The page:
Flame is good, too good. Is Cyberwar now in the hands of Dr Strangelove?
The design of Stuxnet, Duqu and Flame suggests an urgent need for adult supervision of cyber-programmes
By John E Dunn | Published: 13:45, 11 June 2012
The security experts and vendors will surely be delighted by the sudden and shocking outing of Stuxnet as part of a US Government malware programme. Long suspected of having been developed by a well-resourced state full of old-school Highway 101 programmers recent revelations now suggest that the commentators were, embarrassingly, spot on.
Something was going on and then some, taking in, many now believe, several other pieces of odd-looking malware, including Duqu and almost certainly the recently-discovered and disturbing follow-up to Stuxnet called Flame.
Let’s spell out the implications. If states such as the US have been developing and deploying sophisticated malware with omnipotent nonchalance, that realisation contains a threat. Security systems can’t stop this sort of stuff easily if at all and indeed took years to spot Stuxnet once it had escaped from its ostensible target, the Iranian Natanz nuclear enrichment plant.
The design of Flame in particular shows us how this sort of malware can call on unknown zero-day vulnerabilities at will, using forged certificates that undermine basic authentication systems, and even finessing the Windows Update system with fake servers and cryptographic brilliance.
This sort of stuff makes everyday cyber-criminals look like rank amateurs. Instinct alone should tell us this is scary because it sets a precedent that will be followed if indeed it that hasn’t already happened.
Far from feeling vindicated, the security community is feeling very uneasy. Flame initially divided opinion between those who thought it interesting but oversold and others who believed that, if anything, the implications were too large to take in.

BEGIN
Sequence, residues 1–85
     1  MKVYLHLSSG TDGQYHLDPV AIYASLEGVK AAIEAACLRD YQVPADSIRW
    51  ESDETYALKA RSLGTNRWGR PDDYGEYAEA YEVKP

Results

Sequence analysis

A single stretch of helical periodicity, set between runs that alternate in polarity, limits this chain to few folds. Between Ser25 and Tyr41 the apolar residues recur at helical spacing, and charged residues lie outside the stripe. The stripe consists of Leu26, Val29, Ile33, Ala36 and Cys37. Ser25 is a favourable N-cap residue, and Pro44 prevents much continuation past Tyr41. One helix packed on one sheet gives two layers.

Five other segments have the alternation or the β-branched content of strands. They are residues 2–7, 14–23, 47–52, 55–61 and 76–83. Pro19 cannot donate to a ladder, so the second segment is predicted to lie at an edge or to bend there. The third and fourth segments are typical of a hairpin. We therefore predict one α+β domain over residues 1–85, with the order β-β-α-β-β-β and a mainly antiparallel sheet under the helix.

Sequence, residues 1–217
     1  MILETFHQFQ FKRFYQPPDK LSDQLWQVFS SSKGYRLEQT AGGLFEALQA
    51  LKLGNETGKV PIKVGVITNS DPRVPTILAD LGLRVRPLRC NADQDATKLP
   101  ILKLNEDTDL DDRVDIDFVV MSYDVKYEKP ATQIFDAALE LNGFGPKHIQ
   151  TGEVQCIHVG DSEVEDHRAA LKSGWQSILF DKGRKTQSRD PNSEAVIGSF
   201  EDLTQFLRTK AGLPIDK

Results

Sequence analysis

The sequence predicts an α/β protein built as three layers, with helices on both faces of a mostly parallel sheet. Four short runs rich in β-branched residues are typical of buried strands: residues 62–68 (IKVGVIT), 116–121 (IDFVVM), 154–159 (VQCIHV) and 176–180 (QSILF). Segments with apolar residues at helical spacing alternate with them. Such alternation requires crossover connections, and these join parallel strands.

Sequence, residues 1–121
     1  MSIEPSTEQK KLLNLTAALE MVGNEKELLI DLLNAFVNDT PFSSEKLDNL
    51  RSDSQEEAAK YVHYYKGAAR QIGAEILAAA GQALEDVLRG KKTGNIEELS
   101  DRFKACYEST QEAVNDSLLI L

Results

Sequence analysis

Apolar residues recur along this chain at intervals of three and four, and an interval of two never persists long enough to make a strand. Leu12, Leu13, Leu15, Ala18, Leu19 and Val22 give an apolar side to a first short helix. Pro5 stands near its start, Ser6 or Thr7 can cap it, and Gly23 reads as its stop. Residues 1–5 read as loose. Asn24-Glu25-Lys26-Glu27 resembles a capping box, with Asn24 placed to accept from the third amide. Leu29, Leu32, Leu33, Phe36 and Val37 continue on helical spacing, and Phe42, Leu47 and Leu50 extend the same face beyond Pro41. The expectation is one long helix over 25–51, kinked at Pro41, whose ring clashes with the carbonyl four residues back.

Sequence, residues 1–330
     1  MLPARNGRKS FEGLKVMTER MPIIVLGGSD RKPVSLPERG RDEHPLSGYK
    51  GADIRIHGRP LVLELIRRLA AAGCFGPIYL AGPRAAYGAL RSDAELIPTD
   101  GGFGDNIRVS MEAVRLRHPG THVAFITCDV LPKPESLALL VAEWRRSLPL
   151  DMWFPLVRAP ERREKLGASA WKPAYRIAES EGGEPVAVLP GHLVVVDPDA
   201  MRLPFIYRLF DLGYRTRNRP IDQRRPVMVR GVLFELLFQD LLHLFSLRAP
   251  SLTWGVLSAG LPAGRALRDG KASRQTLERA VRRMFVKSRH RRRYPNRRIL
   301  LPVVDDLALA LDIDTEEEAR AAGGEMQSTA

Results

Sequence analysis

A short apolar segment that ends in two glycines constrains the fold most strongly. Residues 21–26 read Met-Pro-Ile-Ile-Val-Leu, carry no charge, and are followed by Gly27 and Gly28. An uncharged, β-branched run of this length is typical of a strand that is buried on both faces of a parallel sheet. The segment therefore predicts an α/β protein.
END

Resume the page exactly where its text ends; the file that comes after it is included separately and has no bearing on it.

As revelations of its inner workings trickle out, the sceptics are starting to melt. Whoever created it, Flame went to work on its targets with terrifying ease, ripping the heart out of some long-cherished pieces of the global security defence as if it was mere software bureaucracy.
This might suit the ends of short-term realpolitik, but it is misconceived madness to toss aside security protocols as if they were paper fences. The claim that successive US Presidents sanctioned cyber-warfare on this scale without any semblance of a contingency plan should it become public or spread beyond its intended targets is incredible.
This programme suggests that the policy-makers don’t understand that techies can’t simply be tasked to attack a target and left to get on with it. Programmers, even very clever ones, make mistakes, and adopt assumptions about acceptable parameters in ways that won’t be evident to their paymasters.
Presidents and chiefs-of-staff can guess at the effects of a drone strike in a hostile zone but can they do the same for a software strike? Can anyone? This is new territory and there are many unknowns.
There will be voices dismissing such concerns as the anxiety of naÃ¯ve minds; the security services have in the past employed unsavoury and illegal acts, including killing, to further their aims in the name of a greater good. This was seen as fine as long as the scale was small, the targets well chosen and plausible deniability maintained.
Stuxnet and Flame were simply this modus operandi by another name and if it disrupted Iran’s alleged nuclear weapons programme then its creation will have been vindicated.
Unfortunately, cyber-weapons aren’t casual creations. Just as they set out to operate in a hidden way so their effects and unintended consequences can remain out of sight too. Flame in particular looks like an exercise in software subversion that offers every state interested in cyber-warfare - not to mention criminals - a live laboratory of state-of-the-art thinking.
Flame’s command and control was disconnected on the very afternoon that security firms publicised its behaviour and has since attempted to erase the evidence of some of its activities. It’s too late, though; the world knows enough.
As respected and extremely sober security expert Mikko Hypponen of F-Secure said in a piece published this week in the New York Times:
“The cyber-arms race has now officially started. And nobody seems to know where it will take us. By launching Stuxnet, American officials opened Pandora's box. They will most likely end up regretting this decision.”